The table below lists the usable size ranges for the 2D-type probes. The PIP's nominal size range (width of array) is 100-6400 microns, but the 'usable' size range is more like 1000-10000 microns. The small end (<1000um) is better covered by the CIP or 2DC, and the large end is bigger since we allow partially imaged particles. The CPI data are not used to create any of the PSDs but images from the CPI are available.

Probes: The CAPS has two parts, the CAS and the CIP.
Full Probe Name
Usable Particle Size Range
CPI Cloud Particle Imager
20-2000 μm
CAS Cloud, Aerosol, and Precipitation Spectrometer
2-50 μm
CIP Cloud Imaging Probe
~100-1600 μm
PIP Precipitation Imaging Probe
1000-10,000 μm
FSSP Forward Scattering Spectrometer Probe
2-50 μm
VIPS Video Ice Particle Sampler
~10-350 μm
SID Small Ice Detector
1-60 μm
2D-C Two-dimensional Cloud Probe
~100-1000 μm
2D-P Two dimensional Precipitation Probe
1000-10,000 μm
HVPS High volume precipitation sampler
1000-50000 µm

Particle Size Distributions

Particle size distributions (PSD) are parameterized in the form of gamma distributions of the form:

where Dmax is the particle maximum dimension, n(Dmax) is the particle concentration per unit volume, N0 is the intercept, λ is the slope, and µ is the dispersion. This relationship reduces to an exponential distribution when µ = 0. The values for the intercept, slope, and dispersion were derived for each PSD by matching three moments; in this case, the first, second, and sixth moments were chosen as this set provided the best fit over the measured particle size range. The data are filtered by cloud temperature (T≤-40˚C) to ensure that the particle phase is unambiguously ice. After filtering, more than 14,000 PSDs are available for study. The data were collected from aircraft cloud probes as listed above. Each PSD from the aircraft observations represents a 5-second average, corresponding to about 700m of aircraft movement.

Habit Distributions

In the Version 1 and Version 2 models, insufficient consideration was given to the prescription of habits as a function of maximum diameter. The habits did not change smoothly with size leading to abrupt changes from one set of habits to another. Such abrupt changes can affect the single-scattering properties in ways one might not expect. The smallest particles were predominantly droxtals, which have very unique scattering properties. It is difficult to know, at this point anyway, how common the droxtal particle is. The CPI does not have the resolution to resolve this issue. Also, the SID-3 provides a scattering pattern but more work needs to be done to relate the scattering pattern to a particular type of habit such as the droxtal. For the moment, we are not relying so much upon the droxtal for the smallest particles in a given size distribution.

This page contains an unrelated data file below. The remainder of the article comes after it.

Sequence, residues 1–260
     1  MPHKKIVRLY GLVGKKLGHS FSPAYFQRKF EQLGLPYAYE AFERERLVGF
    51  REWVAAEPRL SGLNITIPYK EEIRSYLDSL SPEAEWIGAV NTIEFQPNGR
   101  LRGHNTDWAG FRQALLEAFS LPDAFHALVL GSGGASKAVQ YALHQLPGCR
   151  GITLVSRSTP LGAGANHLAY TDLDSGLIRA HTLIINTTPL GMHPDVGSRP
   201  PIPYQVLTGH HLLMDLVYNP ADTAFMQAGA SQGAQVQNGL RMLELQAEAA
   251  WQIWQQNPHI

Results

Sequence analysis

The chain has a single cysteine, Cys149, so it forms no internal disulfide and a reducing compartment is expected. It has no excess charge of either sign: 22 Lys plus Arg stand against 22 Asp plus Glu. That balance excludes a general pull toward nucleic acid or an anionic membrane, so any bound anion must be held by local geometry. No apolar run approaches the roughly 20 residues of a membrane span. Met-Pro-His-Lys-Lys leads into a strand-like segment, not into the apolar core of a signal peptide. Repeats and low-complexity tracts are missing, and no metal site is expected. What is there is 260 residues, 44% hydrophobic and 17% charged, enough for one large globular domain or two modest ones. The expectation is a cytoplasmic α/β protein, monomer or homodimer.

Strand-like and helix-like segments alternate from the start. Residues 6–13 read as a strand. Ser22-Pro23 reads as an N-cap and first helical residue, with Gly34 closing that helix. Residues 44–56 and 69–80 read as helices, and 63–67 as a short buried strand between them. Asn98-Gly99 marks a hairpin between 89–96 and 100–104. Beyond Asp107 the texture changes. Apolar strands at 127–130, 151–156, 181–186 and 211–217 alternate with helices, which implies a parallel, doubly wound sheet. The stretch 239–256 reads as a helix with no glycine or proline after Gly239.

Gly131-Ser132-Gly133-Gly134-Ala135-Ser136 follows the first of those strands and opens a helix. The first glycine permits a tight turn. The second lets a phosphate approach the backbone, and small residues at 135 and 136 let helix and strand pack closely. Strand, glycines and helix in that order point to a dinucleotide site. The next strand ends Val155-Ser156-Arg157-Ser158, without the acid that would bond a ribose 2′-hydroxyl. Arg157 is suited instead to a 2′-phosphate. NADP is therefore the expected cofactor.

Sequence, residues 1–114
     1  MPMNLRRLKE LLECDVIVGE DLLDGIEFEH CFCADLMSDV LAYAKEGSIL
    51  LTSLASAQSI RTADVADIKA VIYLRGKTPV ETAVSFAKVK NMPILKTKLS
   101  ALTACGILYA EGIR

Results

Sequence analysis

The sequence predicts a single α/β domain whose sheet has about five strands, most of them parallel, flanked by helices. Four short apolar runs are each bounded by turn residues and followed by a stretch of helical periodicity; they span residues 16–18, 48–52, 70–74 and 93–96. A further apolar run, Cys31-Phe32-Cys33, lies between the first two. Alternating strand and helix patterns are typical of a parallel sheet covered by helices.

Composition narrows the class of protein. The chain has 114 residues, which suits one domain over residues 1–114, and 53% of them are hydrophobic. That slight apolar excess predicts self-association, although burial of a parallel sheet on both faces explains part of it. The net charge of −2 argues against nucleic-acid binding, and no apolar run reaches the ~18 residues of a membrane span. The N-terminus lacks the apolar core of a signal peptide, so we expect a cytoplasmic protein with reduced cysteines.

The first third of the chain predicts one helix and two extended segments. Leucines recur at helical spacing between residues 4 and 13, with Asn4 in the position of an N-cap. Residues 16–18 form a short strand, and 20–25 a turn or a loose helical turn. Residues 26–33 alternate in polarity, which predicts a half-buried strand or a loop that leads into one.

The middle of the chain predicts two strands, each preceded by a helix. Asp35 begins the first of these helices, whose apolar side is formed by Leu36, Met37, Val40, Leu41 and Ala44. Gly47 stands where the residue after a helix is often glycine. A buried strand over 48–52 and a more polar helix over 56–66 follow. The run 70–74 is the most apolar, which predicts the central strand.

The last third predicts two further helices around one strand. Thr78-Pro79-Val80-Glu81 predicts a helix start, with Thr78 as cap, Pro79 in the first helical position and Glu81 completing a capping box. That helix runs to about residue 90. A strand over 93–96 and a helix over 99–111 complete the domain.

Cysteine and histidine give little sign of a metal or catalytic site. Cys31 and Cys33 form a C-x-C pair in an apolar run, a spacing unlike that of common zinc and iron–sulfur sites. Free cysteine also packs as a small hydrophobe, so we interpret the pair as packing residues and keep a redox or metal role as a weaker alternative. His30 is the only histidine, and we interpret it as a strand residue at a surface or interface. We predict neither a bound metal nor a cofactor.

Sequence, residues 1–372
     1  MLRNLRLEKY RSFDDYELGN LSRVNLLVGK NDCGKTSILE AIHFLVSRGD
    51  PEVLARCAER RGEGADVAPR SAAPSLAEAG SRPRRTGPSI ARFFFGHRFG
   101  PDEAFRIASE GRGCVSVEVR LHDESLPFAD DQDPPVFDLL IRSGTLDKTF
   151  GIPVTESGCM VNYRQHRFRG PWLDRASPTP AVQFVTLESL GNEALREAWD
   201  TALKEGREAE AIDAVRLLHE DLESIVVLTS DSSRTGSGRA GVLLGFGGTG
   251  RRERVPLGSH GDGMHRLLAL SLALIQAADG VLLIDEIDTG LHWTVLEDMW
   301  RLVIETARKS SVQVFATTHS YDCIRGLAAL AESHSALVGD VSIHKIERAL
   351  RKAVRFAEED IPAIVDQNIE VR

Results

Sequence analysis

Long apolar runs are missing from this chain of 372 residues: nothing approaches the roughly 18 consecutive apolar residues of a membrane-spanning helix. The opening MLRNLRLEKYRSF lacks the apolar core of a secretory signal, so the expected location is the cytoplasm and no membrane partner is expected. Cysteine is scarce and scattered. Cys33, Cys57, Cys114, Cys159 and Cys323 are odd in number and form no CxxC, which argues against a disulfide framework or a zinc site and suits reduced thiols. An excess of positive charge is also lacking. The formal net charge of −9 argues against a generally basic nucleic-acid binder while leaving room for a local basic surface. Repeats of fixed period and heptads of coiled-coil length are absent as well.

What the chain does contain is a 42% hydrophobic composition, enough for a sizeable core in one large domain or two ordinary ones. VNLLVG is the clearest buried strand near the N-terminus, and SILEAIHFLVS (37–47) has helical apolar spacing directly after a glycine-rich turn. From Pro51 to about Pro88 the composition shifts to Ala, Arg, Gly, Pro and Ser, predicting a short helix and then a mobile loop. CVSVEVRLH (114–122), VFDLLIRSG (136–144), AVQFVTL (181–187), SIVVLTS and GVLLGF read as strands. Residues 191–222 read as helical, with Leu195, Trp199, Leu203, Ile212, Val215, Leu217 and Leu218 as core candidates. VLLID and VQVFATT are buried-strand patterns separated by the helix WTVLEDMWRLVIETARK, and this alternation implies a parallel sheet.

For this new generation of models, a new approach is implemented to assign a more sensible habit mixture as a function of particle maximum diameter. The habits now change smoothly as a function of particle size, and thought has been given in particular to the habit mixture assumed for the smallest and largest particles in a given distribution. For Dmax ≤ 10 µm, the particles are assumed to be droxtals and solid columns. For 10 µm < Dmax ≤ 50 µm, the fraction of droxtals tapers off quickly with particle size, with increasing fractions of solid columns, hollow columns and plates. Mid-sized particles include hollow and solid columns, hollow and solid bullet rosettes, small/large aggregates of plates, and a very small fraction of aggregates of columns. Columnar particles and plates are phased out by the time the maximum diameter reaches 500 µm. The largest particles are composed of hollow and solid bullet rosettes, aggregates of columns (only a very small fraction) and aggregates of plates.